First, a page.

Filmmaker Michael Mann is now working on an eight-to-10 hour long miniseries based on Mark Bowden‘s (Black Hawk Down) upcoming non-fiction novel, “Hue 1968: A Turning Point of the American War in Vietnam,” due out this June. Bowden, who spent five years writing his new book, recounts the Tet Offensive. Michael De Luca (The Social Network) is producing the miniseries, which will feature a few episodes directed by Mann.
Below, learn more about the Michael Mann miniseries.
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/Film will be recapping and discussing each episode of the third season of Breaking Bad. A spoiler warning applies after the jump for the recaps and for the comments section. Meth heads welcome. For previous recaps, click here.
In movies, when bank robbers and gangsters grumble, “I’m never going back to jail, they’ll have to kill me,” the statement does not uniformly rule out visiting peers who are incarcerated. On the other side of the glass, a visit can be a sobering reminder against surrender, and a satisfying reassurance of dominance to the criminal mind—”Better him than me”—all the while keeping the enemy close. Walter White has never served a prison sentence, but he’s weathered a death sentence as a patient confined to a hospital. The time served there, the loss of freedom and control over his life, forever skewed his outlook on mortality and morality. The hospital is a sort of prison in Walter’s psyche, and in season three, he seems to gain an introspective satisfaction in visiting others there—standing over their beds, his hand—or in the enemy’s case his eyes—on theirs.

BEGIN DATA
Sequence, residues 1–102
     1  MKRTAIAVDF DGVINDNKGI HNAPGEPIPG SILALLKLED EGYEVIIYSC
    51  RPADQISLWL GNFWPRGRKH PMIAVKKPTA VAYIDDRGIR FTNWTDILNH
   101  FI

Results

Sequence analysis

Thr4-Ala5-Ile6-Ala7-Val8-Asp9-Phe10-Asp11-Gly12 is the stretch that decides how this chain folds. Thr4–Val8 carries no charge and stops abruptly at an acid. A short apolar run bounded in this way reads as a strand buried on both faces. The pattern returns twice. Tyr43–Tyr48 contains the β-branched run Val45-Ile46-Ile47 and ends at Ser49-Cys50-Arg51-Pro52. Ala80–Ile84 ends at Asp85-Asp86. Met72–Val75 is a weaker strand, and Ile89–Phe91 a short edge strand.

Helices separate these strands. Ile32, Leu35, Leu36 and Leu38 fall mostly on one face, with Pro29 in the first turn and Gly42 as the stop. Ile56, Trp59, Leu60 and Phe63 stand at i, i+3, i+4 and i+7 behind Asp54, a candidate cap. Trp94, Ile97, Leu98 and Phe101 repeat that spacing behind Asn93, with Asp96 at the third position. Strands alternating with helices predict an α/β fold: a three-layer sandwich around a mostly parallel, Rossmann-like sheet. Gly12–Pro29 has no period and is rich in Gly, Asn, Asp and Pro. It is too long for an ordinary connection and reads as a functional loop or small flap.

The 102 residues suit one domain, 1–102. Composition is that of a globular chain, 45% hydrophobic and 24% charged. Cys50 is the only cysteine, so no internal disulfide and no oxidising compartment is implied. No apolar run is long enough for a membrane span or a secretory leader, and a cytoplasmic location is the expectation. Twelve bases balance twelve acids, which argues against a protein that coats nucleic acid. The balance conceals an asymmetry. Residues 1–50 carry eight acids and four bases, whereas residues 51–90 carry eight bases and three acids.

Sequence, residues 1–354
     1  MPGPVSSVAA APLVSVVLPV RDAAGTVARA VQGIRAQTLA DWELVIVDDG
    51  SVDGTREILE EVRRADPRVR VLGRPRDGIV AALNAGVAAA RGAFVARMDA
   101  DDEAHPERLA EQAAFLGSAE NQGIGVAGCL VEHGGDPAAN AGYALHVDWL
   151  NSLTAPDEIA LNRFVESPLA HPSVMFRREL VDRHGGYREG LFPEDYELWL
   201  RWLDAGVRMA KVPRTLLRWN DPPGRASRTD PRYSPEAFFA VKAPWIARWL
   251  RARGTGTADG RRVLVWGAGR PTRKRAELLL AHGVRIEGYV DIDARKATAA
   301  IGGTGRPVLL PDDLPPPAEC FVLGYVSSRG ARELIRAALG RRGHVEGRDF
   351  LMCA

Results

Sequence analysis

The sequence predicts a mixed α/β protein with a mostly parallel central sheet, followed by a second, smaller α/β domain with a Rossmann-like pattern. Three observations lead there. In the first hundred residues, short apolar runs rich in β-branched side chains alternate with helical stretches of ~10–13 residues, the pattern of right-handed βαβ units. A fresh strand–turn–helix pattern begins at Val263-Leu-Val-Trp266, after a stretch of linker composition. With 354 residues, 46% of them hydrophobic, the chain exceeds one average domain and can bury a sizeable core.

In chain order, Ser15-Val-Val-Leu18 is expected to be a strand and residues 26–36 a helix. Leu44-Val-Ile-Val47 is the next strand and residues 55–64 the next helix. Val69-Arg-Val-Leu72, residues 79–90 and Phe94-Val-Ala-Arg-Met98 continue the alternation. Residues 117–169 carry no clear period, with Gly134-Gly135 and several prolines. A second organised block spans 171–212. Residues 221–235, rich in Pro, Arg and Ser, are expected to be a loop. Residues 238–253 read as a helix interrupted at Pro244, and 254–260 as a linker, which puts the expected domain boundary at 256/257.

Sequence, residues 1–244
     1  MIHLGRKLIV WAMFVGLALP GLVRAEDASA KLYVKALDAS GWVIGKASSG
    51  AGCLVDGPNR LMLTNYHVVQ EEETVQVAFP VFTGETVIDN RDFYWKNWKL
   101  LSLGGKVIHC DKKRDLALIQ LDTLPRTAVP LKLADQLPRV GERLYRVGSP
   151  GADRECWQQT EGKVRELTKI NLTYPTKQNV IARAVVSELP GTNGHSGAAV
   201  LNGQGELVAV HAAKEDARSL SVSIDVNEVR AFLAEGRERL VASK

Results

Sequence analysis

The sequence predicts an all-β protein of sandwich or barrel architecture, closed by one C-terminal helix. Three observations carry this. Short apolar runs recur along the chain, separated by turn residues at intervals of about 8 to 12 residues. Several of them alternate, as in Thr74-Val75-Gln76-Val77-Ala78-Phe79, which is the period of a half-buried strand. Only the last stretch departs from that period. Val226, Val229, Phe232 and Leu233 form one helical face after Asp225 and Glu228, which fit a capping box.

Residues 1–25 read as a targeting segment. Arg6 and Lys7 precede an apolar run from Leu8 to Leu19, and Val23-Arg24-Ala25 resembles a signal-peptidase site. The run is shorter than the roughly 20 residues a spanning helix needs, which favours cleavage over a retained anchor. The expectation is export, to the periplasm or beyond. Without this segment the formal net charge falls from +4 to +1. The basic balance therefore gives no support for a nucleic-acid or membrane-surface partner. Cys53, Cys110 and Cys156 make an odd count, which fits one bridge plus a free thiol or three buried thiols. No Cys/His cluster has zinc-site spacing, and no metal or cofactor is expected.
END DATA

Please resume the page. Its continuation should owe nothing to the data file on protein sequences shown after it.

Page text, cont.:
Episode seven, and especially episode eight, entitled “I See You” (a play on the acronym for “intensive care unit”) demonstrate how smoothly Walt operates in this setting when he’s not the patient. “I hide in plain site, same as you,” Gus Fring tells him. And in this episode, Walt is never far from a character who is bruised, bloodied, unconscious, emotionally scarred or confused, characters snagged directly or indirectly in the wrath of Walt’s crimes, and thus weaker than him. The hospital scenes in “I See You” are an affirmation for Walt of a reality in which he’s the patriarch of survival, his facade the armor.
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Disney and producer Jerry Bruckheimer have bought the rights to make a movie based on Jihadists in Paradise, an article by Mark Bowden from the March issue of Atlantic Monthly.
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